"I know how difficult it is for Christians to defend this truth. ... But do not tire and do not be discouraged! You know your task is to contribute to building, with God's help, a new Europe, realistic but not cynical, rich in ideals and free of naive illusions, inspired by the perennial and life-giving truth of the Gospel."
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Friday, March 23, 2007


VATICAN CITY, MAR 23, 2007 (VIS) - The Holy Father:

 - Appointed Msgr. Jose Mendoza Corzo, vicar general of the archdiocese of Tuxtla Gutierrez, Mexico, and pastor of the parish of "Santa Cruz" in Teran, as auxiliary of the same archdiocese (area 22,629, population 1,210,000, Catholics 934,000, priests 145, religious 314). The bishop-elect was born in Cristobal Obregon, Mexico in 1960 and ordained a priest in 1988.

 - Appointed Fr. Thaddeus Cho Hwan-Kil, director of the Catholic daily "Maeil," as auxiliary of the archdiocese of Daegu (area 9,128, population 4,466,166, Catholics 419,299, priests 353, religious 1,142), Korea. The bishop-elect was born in Hwa-Won, Korea in 1954 and ordained a priest in 1981.
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VATICAN CITY, MAR 23, 2007 (VIS) - The Holy Father today received in separate audiences:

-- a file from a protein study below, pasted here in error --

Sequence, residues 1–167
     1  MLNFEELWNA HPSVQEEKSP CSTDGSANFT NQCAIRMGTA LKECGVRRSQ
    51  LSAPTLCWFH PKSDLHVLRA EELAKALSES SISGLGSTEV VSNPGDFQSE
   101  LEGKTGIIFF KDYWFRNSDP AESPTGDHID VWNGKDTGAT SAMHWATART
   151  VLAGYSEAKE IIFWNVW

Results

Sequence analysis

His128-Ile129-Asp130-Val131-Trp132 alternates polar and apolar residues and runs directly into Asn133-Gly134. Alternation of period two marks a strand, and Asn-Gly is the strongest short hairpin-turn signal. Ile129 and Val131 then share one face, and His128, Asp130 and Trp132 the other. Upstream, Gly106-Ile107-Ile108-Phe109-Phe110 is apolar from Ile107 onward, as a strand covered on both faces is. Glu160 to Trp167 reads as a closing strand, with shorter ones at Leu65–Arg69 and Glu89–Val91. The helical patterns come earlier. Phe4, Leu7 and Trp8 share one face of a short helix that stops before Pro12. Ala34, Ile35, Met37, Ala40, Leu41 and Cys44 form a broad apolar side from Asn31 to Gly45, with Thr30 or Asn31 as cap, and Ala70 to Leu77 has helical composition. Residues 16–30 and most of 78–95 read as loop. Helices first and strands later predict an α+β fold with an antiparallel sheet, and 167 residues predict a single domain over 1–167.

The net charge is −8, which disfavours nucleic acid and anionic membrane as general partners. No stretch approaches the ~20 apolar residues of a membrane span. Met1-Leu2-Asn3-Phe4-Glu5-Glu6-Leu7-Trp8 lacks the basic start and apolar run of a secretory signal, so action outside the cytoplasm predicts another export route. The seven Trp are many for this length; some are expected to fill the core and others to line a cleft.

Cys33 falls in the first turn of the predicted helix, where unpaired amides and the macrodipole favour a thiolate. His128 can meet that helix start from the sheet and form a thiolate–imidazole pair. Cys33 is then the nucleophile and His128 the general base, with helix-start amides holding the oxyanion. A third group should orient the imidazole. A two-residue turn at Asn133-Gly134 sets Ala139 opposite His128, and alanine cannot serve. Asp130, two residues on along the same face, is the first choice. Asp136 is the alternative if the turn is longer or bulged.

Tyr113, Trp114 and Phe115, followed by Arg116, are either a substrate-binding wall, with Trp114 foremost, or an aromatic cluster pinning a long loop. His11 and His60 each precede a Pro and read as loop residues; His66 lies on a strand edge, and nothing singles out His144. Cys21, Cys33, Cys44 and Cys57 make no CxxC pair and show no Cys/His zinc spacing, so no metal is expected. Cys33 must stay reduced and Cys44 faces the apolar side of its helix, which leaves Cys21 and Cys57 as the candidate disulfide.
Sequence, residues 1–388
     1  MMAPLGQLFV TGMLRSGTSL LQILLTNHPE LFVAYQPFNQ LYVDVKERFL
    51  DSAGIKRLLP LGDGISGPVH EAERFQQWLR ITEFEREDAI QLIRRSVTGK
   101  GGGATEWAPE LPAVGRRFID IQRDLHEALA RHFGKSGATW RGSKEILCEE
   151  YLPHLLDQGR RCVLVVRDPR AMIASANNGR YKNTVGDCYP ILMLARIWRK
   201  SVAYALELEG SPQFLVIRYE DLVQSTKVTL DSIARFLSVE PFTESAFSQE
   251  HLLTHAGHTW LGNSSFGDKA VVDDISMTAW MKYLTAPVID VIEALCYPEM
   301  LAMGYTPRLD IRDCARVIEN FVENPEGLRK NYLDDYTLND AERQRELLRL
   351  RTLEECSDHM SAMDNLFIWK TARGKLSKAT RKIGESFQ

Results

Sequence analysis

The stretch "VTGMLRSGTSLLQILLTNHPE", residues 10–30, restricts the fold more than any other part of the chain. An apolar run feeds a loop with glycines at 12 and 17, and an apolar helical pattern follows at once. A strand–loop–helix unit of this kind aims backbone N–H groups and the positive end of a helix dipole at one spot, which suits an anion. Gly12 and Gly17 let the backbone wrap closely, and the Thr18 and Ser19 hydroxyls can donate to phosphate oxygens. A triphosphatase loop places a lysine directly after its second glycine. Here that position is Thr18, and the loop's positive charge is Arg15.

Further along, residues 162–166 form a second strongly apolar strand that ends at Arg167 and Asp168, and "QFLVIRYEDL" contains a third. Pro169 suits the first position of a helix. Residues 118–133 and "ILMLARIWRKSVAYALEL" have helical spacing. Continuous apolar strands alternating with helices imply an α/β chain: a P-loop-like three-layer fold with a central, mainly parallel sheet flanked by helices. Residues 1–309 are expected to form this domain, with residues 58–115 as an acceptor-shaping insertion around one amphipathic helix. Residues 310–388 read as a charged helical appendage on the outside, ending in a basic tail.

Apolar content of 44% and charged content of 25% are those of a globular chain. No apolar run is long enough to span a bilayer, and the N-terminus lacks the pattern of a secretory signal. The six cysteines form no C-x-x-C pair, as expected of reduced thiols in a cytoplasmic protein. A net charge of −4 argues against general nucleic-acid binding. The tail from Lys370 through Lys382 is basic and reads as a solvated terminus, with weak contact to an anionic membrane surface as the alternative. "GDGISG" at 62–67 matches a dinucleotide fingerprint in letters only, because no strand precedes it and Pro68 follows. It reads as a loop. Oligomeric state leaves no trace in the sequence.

- Archbishop Paolo Mario Virgilio Atzei O.F.M. Conv., of Sassari, Italy, on his "ad limina " visit.

 - Hans-Gert Poettering, president of the European Parliament, accompanied by an entourage.

 - Three prelates from the Italian Episcopal Conference, on their "ad limina" visit:

    - Bishop Giacomo Lanzetti of Alghero-Bosa.

    - Bishop Sergio Pinter of Ozieri.

    - Bishop Tarcisio Pillolla, apostolic administrator of Iglesias.

  This evening, he is scheduled to receive in audience Cardinal William Joseph Levada, prefect of the Congregation for the Doctrine of the Faith.

  Yesterday evening, March 22, he received in separate audiences:

 - Cardinal Francis Arinze, prefect of the Congregation for Divine Worship and the Discipline of the Sacraments.

 - Cardinal Dario Castrillon Hoyos, president of the Pontifical Commission "Ecclesia Dei."
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VATICAN CITY, MAR 23, 2007 (VIS) - At midday today, the Holy See Press Office released the following communique concerning the audience granted by the Holy Father to Mary McAleese, president of Ireland.

  "This morning, the Holy Father Benedict XVI received in audience Mary McAleese, president of Ireland, accompanied by her husband and an entourage.

  "The president subsequently went on the meet Cardinal Secretary of State Tarcisio Bertone S.D.B.

  "In the course of the discussions, which took place in an atmosphere of great cordiality, attention turned to problems associated with the situation of the Church in Ireland, concentrating particularly on the positive start of 'Structured Dialogue' between the State and Churches - in the spirit of the new European Constitutional Treaty - as a promising way towards a positive contribution of Churches to the life of society.